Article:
Dry-fly fishing on the ‘D’ still going strong

This year’s transition from summer to winter has been stalling out for over a month now. Thus far, we have had very few nights below freezing and daytime temperatures have been very warm. This type of weather has been great to be out on the water, but the unseasonable warmth has kept the cool-weather, blue-winged olive hatches behind schedule. Over this same period, the hunt for rising trout has been a hit-or-miss proposition.

We are a week into November now and I can finally say that change has come. I have been out on the river guiding every day for the last two weeks and the action has been improving every day. Currently, the blue-winged olives are emerging from the Delaware every day, and the rainbow and brown trout are gorging while they have the chance. These small insects will be their last big meal before freezing conditions shut things down for the winter. The next few weeks will offer the best opportunity of the season to take the largest wild rainbows in the system with dry flies.

Over the last week of reliable action, the insects have been on the water from early afternoon through dark. As the temperatures get colder, the start time will move earlier in the day. This hatch normally continues until the rivers start to freeze.

For those who do not regularly fish the late fall, finding rising trout may be difficult. Most of the trout have already moved to the slowest sections of the river. The late olives are tiny insects and the trout need to feed in the slowest possible water to get any nutritional value from them. Currently, most of the river’s trout can be found in the tail ends of the Delaware’s long pools and eddies. The key is finding super-slow water that has just enough flow to allow drifting insects to accumulate. This is where you will find pods of mature rainbow trout slowly cruising the surface leisurely sipping large numbers of insects. Pursuing trout feeding in this fashion is a great challenge, putting it at the higher end of technical fishing due to the insects’ small size.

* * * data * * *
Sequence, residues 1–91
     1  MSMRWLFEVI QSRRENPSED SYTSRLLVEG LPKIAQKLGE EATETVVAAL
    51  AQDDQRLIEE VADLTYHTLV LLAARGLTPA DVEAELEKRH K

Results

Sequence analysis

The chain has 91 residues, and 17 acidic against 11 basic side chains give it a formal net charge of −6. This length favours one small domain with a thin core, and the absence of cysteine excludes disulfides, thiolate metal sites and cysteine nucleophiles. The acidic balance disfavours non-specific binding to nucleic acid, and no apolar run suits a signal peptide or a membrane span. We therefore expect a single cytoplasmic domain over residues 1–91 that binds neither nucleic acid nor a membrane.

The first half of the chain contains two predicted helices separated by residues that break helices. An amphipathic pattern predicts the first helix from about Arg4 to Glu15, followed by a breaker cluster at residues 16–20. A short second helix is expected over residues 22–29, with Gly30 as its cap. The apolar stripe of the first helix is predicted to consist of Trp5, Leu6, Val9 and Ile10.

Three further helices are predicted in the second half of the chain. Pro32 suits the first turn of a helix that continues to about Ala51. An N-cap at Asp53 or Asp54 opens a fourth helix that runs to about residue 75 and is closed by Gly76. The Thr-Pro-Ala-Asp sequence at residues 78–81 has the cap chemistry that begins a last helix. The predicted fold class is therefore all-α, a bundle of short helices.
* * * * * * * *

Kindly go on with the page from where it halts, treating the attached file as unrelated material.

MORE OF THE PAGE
For the rest of the season, I will be choosing either a #5 or #6 fly rod with a 15- to 18-foot leader built down to 6X tippet. The flies are all small now; #18 is the standard, and this setup will allow the small flies to land on the water with slack and float naturally.

The flies that produce well now are those that really signal vulnerability. Patterns that are designed to appear crippled or trapped in the surface film get a lot of attention from the fish. My favorites are the CDC Knock Down Dun, Hackle Wing Cripple, Olive Klinkhammers and Rusty Spinners

As far as technique goes the best advice for this time of year is patience. With the cruising nature of the feeding, you will need to give the trout time to find your fly on the surface. Unlike those feeding in spring and summer, late-autumn trout intend to eat every fly. They will slowly swim in every direction until they eat every fly in their area before moving on. Sometimes a cast that you would normally give up on closes the deal after a very long wait.

Wade safe and good luck on the river.

 

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